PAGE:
Most of the countries that agreed to last year’s landmark Paris climate deal will converge on New York tomorrow to officially endorse it.
Officials from more than 150 nations are expected to be on hand when the agreement opens for signatures at U.N. headquarters in Manhattan. U.N. Secretary-General Ban Ki-moon asked heads of state early this year to make the journey to sign the deal themselves, and more than 60 heeded his call. Secretary of State John Kerry will sign the deal for the United States because President Obama is traveling in Europe.
Ban has called the projected turnout "truly historic."
"The spirit of Paris is still living on," he said during last week’s World Bank and International Monetary Fund meeting in Washington, D.C.
The previous record for most signatures garnered by a U.N. deal on its first day open was 119 — set in 1984, when the Law of the Sea Treaty opened for signature.
The gathering at U.N. headquarters will run into the early afternoon, with heads of state or foreign ministers adding their John Hancocks to the climate text and making statements to the plenary. Kerry will give a morning statement after which he will sign the agreement, a senior State Department official said yesterday.
The official said the U.S. process for joining the deal would be "standard," noting, "We have committed to completing that as early as possible this year."
Several other countries have also committed to early action. Tomorrow night, six countries are expected already to be parties to the Paris Agreement — meaning they will have both signed it and delivered documents to the United Nations formally adopting the deal. They are Fiji, the Marshall Islands, Palau, Maldives, Belize and Barbados — all nations vulnerable to sea-level rise that have ratified early to draw attention to their plight.
Peter Thomson, Fiji’s permanent representative to the United Nations, said this week that the mission already has ratification paperwork in hand and is ready to deliver it tomorrow.
"What we’ll be after of course is a raising of ambition," he told ClimateWire. "Otherwise, we’re in real trouble."
‘More than a dozen’ early ratifiers
The State Department official said the list of early ratifiers was likely to grow before long.
"We understand from some informal conversations that there are more than a dozen who are prepared to do this, but we don’t have confirmation really, precisely," the official said. "Part of what I think of what we’ll get on Friday is that understanding."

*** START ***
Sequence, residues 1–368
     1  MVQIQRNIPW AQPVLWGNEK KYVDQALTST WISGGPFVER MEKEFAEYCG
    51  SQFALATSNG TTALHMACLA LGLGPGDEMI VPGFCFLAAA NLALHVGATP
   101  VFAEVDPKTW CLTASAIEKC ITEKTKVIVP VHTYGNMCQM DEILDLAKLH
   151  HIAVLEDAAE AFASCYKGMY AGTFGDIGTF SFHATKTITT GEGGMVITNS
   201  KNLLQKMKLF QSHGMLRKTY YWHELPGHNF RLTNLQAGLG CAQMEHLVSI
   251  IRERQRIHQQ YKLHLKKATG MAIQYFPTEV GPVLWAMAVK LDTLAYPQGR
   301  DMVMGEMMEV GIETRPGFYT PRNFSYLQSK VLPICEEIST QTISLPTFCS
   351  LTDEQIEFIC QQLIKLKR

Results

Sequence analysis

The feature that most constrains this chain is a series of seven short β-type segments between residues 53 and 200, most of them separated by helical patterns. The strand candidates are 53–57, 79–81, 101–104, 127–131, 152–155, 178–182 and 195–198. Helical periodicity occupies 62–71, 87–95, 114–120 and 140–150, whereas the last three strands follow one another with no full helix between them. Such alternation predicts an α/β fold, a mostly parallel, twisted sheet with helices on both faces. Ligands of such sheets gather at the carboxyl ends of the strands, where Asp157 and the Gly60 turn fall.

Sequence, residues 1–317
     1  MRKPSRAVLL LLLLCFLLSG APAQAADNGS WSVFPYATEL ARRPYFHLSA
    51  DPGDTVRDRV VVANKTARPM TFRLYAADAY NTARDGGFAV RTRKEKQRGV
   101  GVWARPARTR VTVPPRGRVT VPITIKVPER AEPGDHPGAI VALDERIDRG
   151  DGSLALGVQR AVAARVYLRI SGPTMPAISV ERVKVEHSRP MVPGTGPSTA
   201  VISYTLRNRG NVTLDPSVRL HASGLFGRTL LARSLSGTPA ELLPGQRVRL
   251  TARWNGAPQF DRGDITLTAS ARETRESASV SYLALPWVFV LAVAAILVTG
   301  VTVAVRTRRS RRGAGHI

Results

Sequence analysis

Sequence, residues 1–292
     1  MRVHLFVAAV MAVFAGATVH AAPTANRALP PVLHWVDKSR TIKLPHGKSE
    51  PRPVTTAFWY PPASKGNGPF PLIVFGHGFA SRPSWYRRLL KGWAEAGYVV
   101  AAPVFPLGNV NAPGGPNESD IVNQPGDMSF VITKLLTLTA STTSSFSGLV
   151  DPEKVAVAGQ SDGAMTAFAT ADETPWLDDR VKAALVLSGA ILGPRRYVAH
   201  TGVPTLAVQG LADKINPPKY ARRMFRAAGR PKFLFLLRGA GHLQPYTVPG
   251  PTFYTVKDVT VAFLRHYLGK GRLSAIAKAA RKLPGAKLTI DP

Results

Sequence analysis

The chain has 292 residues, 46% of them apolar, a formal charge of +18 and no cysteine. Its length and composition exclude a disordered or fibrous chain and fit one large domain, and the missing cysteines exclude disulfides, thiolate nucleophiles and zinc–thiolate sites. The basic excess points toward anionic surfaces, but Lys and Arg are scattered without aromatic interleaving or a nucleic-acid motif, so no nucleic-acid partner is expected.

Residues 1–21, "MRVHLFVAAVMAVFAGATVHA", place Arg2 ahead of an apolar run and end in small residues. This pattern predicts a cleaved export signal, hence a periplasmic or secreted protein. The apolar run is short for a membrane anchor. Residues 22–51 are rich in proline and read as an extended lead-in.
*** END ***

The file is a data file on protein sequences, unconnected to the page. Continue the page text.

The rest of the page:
The agreement takes effect when 55 countries totaling 55 percent of the world’s greenhouse gas emissions have joined, and it seems possible that that could occur later this year.
The United States and China, which are responsible for a combined 38 percent of the world’s emissions, announced last month that they would join the deal this year. That’s a move Jake Schmidt, international program director at the Natural Resources Defense Council, predicted "will create a cascading impact across the world" as other countries hasten to follow.
"Getting to the 55 percent threshold is much easier with those two countries in," he said. "You couldn’t get there without them in."
Canada pledged separately in an agreement with the United States that it would ratify this year, bringing the total to about 20 percent, according to a new Paris Agreement Tracker created by the World Resources Institute.
Island states and other major developing emitters like India, South Africa and Brazil have also called for swift ratification. The addition of those countries would bring the total within reach of 50 percent.
Energy Secretary Ernest Moniz, speaking at a breakfast sponsored by the Christian Science Monitor, said yesterday that the momentum behind the climate agreement is building and that the United States’ commitment bodes well for the prospects of getting others to sign on.
"I think it is going a lot faster than any of us expected," Moniz said. "I think certainly against any reasonable set of expectations, I think it’s passed them."
The 2 C challenge
The signing, which coincides with Earth Day, is an opportunity to remind the world of what was achieved in Paris, said Reid Detchon of the U.N. Foundation.
"There was a concern that after the big event in Paris it would slip off the radar screen and sink between the waves," he said.
But a blockbuster turnout in New York serves to "keep the issue highly visible; the need for urgency, the pressure for rapid entry into force and implementation," he said.
The agreement reached by 196 countries in December was the first truly global bid to reverse man-made warming and cope with its effects. The deal called for the world to work together to keep postindustrial warming "well below" 2 degrees Celsius — with an aspiration target of 1.5 C — and enshrined more than 180 national pledges of action.
Estimates show that the initial pledges would place the world on track to limit warming to 2.7 C, which is why Paris also calls on countries to put forward new targets — or to consider revising existing ones — at five-year intervals.
Some critics worry that the Paris deal doesn’t go far enough to protect the most vulnerable nations, which face large-scale damage or population displacement due to sea-level rise and other warming-driven impacts.